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Int Neurourol J > Volume 24(2); 2020 > Article
Ko and Lee: Robotic Sacrocolpopexy for Treatment of Apical Compartment Prolapse


Abdominal sacrocolpopexy is the gold-standard treatment for apical compartment prolapse, as it is more effective and durable than the transvaginal approach. In the current era of minimally invasive surgery, laparoscopic sacrocolpopexy techniques have been described, but have not gained popularity due to their complexity and steep learning curves. To overcome this problem, robotic sacrocolpopexy was introduced, and has shown equivalent outcomes and safety compared to open and laparoscopic sacrocolpopexy based on findings that have been accumulated over 15 years.


The incidence of pelvic organ prolapse (POP) has been gradually increasing with the global increase in the aging population, and the lifetime risk of symptomatic vaginal prolapse requiring surgical treatment is estimated to be 12.6% [1,2]. Although anterior vaginal prolapse is the most common type of prolapse, apical prolapse is also highly prevalent. It has been estimated that 1 in 9 women undergoes hysterectomy during her lifetime, and surgical treatment is required in 10% of them due to symptomatic vaginal prolapse [3]. Moreover, apical support defects after hysterectomy are a risk factor for POP and increase the possibility of vault prolapse.
abdominal sacrocolpopexy (ASC) remains the gold-standard procedure for apical compartment prolapse, as it offers superior outcomes for a variety of vaginal procedures with few complications [3]. In addition to its high success rate and durable results, sacrocolpopexy can maintain the normal axis of the vagina and maximal vaginal length by fixing the vaginal apex on the anterior surface of the sacrum. Sacrocolpopexy is traditionally performed via laparotomy; however, minimally invasive approaches have been developed to overcome concerns about the increased risk of morbidity associated with open surgery, in addition to long surgery times and lengthy hospital stays. While reports have indicated that laparoscopic sacrocolpopexy (LSC) has the advantages of a shorter hospital stay and less blood loss, surgical time is not significantly shorter, and this technique has a longer learning curve than traditional sacrocolpopexy [4].
To address these issues, robotic sacrocolpopexy (RSC) has been explored. After Di Marco et al. [5] published the first case series involving 5 patients who underwent RSC in 2004, many more reports have been published. The ultimate advantages of RSC are the 3-dimensional view afforded by the use of robotic instruments, the increased degree of freedom in movement, elaborate suturing ability, and easy knot-tying. These advantages of robotic surgery can overcome the technical limitations and steep learning curve associated with LSC. In this review, we discuss the efficacy and safety of RSC, as well as the latest trends in this field.


RSC consists of 3 main steps: vaginal dissection, presacral peritoneal dissection, and mesh fixation. However, as shown in Table 1, the type of mesh, suture material, and depth of vaginal dissection vary among studies.
The shape of the mesh used (Y-shaped mesh, 2 separate meshes, T-shaped mesh, or racket-shaped mesh) varies depending on the surgeon, and the depth dissected is often not mentioned (Table 1). Thus far, there are no clear rules as to the extent of anterior dissection that should be performed. A commonly accepted rule is to dissect as distally as possible to prevent recurrence, but not below the trigone. We apply this rule to dissect the anterior vaginal wall distally to just above the level of the trigone (3–5 cm distal to the vaginal apex), and the posterior wall to the midpoint (Fig. 1). We use prefashioned Y-shaped DynaMesh, which is a polyvinylidene fluoride monofilament material, for sacrocolpopexy or hysteropexy (for uterine preservation). In patients who have previously undergone hysterectomy, the anterior and posterior vaginal walls are dissected under guidance of a vaginal manipulator, and then the distal 2-arm of mesh is fixed to the anterior and posterior vaginal walls (Fig. 2). When the uterus has been preserved, the mesh is transferred through the broad ligament with a proximal arm on the right side (Fig. 3).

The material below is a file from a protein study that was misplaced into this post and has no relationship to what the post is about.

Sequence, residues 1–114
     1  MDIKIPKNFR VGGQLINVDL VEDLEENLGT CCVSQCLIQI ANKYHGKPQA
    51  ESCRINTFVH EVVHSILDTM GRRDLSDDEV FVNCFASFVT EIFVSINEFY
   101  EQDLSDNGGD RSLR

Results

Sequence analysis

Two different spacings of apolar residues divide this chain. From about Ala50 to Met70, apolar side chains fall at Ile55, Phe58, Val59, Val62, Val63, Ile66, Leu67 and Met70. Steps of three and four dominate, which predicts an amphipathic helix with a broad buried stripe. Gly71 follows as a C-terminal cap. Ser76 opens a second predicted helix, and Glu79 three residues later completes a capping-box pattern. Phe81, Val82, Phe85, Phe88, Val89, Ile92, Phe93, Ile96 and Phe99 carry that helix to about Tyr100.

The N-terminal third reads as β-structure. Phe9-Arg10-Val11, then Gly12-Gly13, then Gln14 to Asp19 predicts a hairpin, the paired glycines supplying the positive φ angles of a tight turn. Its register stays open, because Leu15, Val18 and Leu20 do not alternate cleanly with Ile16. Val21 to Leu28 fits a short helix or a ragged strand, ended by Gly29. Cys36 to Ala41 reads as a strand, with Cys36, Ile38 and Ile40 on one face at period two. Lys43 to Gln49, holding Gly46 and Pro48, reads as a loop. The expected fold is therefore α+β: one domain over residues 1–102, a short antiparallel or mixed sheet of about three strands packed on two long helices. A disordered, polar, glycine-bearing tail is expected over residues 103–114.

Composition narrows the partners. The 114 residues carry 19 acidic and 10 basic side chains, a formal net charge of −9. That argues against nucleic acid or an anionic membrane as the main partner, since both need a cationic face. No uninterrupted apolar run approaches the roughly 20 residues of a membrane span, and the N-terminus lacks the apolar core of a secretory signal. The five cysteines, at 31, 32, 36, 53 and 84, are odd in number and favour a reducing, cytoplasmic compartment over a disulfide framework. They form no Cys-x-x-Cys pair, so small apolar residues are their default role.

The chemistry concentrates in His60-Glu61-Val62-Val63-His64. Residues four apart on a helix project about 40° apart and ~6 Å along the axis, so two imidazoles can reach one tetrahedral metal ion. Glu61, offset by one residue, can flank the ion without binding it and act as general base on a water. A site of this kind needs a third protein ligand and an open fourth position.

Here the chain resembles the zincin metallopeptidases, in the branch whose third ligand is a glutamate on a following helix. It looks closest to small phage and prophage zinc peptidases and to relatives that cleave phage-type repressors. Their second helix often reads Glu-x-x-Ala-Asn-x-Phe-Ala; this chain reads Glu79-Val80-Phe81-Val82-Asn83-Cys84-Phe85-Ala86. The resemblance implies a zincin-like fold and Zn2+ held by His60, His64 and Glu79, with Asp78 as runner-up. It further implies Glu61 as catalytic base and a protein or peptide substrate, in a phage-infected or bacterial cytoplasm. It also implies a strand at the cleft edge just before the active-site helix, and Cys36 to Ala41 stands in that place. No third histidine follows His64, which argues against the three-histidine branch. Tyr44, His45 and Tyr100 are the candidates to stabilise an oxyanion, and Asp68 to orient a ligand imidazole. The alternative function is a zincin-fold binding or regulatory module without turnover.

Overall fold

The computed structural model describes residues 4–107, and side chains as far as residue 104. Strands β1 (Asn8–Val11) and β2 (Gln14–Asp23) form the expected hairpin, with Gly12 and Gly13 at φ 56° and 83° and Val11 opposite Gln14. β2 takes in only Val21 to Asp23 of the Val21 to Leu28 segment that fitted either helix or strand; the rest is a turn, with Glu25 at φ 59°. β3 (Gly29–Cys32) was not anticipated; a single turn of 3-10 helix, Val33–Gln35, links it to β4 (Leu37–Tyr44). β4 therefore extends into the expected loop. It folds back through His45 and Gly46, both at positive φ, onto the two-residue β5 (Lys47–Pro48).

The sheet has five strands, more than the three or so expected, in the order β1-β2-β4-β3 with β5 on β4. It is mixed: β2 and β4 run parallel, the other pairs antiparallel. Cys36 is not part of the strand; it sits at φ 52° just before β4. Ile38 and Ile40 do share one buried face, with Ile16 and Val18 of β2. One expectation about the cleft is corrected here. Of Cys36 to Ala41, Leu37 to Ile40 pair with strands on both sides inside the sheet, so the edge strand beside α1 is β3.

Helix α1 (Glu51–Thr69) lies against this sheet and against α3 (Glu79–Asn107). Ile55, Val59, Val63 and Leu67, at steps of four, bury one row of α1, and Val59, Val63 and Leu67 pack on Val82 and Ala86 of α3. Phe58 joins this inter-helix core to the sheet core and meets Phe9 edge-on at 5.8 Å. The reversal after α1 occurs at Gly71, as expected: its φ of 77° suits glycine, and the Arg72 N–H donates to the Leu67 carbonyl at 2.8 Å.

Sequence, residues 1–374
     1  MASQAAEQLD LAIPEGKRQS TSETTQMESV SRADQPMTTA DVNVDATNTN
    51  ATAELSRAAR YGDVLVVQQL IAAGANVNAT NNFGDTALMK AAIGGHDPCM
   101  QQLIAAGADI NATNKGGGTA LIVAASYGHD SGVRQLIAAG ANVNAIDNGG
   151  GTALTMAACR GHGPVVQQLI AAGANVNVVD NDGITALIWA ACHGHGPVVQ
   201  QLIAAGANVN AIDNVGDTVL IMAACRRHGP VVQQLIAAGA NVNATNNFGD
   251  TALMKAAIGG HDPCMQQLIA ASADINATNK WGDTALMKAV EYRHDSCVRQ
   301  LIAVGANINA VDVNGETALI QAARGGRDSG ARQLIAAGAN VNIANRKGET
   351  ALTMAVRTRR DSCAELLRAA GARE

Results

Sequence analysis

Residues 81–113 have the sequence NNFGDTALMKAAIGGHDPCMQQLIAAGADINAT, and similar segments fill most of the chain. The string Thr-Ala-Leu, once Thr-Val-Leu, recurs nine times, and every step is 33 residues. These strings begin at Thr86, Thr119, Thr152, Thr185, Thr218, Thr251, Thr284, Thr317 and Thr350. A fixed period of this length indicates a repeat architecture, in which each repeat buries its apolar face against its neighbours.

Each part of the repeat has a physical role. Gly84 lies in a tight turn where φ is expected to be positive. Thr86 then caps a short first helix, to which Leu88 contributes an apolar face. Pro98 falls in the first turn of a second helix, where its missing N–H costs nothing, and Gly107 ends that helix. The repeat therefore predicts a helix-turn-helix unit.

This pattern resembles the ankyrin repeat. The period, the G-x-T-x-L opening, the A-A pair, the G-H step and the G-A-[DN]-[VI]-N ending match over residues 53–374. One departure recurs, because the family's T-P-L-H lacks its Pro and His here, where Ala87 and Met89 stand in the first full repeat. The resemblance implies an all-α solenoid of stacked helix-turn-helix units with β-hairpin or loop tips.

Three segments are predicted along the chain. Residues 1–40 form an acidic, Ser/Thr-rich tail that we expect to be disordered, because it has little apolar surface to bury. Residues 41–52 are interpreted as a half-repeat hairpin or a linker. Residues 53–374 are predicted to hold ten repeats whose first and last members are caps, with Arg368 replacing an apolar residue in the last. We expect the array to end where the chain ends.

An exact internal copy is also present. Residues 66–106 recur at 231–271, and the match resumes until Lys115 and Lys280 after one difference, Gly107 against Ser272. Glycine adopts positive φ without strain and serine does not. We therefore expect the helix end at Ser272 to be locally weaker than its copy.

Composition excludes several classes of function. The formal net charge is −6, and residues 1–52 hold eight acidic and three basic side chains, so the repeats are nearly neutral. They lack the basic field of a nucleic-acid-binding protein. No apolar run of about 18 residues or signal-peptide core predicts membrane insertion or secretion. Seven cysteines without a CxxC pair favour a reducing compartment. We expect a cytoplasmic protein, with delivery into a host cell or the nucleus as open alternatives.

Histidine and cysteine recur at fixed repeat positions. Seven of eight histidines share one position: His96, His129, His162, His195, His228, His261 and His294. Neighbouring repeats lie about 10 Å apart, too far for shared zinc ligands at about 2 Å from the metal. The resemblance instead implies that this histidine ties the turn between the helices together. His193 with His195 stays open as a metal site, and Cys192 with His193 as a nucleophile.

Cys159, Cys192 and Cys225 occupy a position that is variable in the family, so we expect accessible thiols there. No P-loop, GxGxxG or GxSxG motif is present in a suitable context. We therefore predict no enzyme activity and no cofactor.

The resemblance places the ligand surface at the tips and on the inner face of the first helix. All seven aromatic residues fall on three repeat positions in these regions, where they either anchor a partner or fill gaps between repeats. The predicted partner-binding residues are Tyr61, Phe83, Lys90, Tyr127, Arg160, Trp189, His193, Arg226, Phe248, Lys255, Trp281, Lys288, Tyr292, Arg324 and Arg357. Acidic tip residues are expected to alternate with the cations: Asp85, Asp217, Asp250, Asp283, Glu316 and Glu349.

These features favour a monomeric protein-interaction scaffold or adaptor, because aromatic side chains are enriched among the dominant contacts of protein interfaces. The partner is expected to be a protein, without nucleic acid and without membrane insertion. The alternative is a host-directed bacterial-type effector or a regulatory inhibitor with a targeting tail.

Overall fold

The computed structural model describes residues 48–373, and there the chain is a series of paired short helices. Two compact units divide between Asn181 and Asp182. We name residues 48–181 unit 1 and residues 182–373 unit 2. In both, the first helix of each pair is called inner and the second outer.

Currently, the consensus is to affix the sacral arm of the mesh to the most superior point of the anterior surface of S1. However, although the bleeding risk is lower at the S1 level than at other levels, the promontory is not anatomically familiar, and there is a risk of bleeding due to the close proximity of nerves to the surrounding blood vessels. Therefore, caution is required when performing dissection.
A nonabsorbable suture is used in traditional open sacrocolpopexy to prevent detachment of the mesh from the vagina and sacral promontory and to decrease the risk of mesh exposure and suture erosion. In a series of RSCs with a median of 33 months of follow-up, the use of absorbable sutures for both vaginal and sacral mesh attachment was effective; the 3-year rate of survival without repeat prolapse surgery was 93% [6]. Tan-Kim et al. [7] introduced a technique that fixes mesh to the vaginal wall with a barbed absorbable suture and showed that the nonbarbed suture group had significantly longer operative times than the barbed suture group (42 minutes vs. 29 minutes, P<0.001) without any significant difference in anatomic failure between groups at 12 months. Currently, we use a barbed, delayed-absorbable suture (V-Loc 180; Covidien, Walpole, MA, USA) to fix the mesh to the vaginal wall in a continuous manner (Figs. 2, 3). In the next step, with the vagina restored to its normal position, the proximal arm of the mesh is fixed to the promontory without excessive tension (Fig. 4). Finally, the peritoneum is repaired using a barbed, delayed-absorbable suture.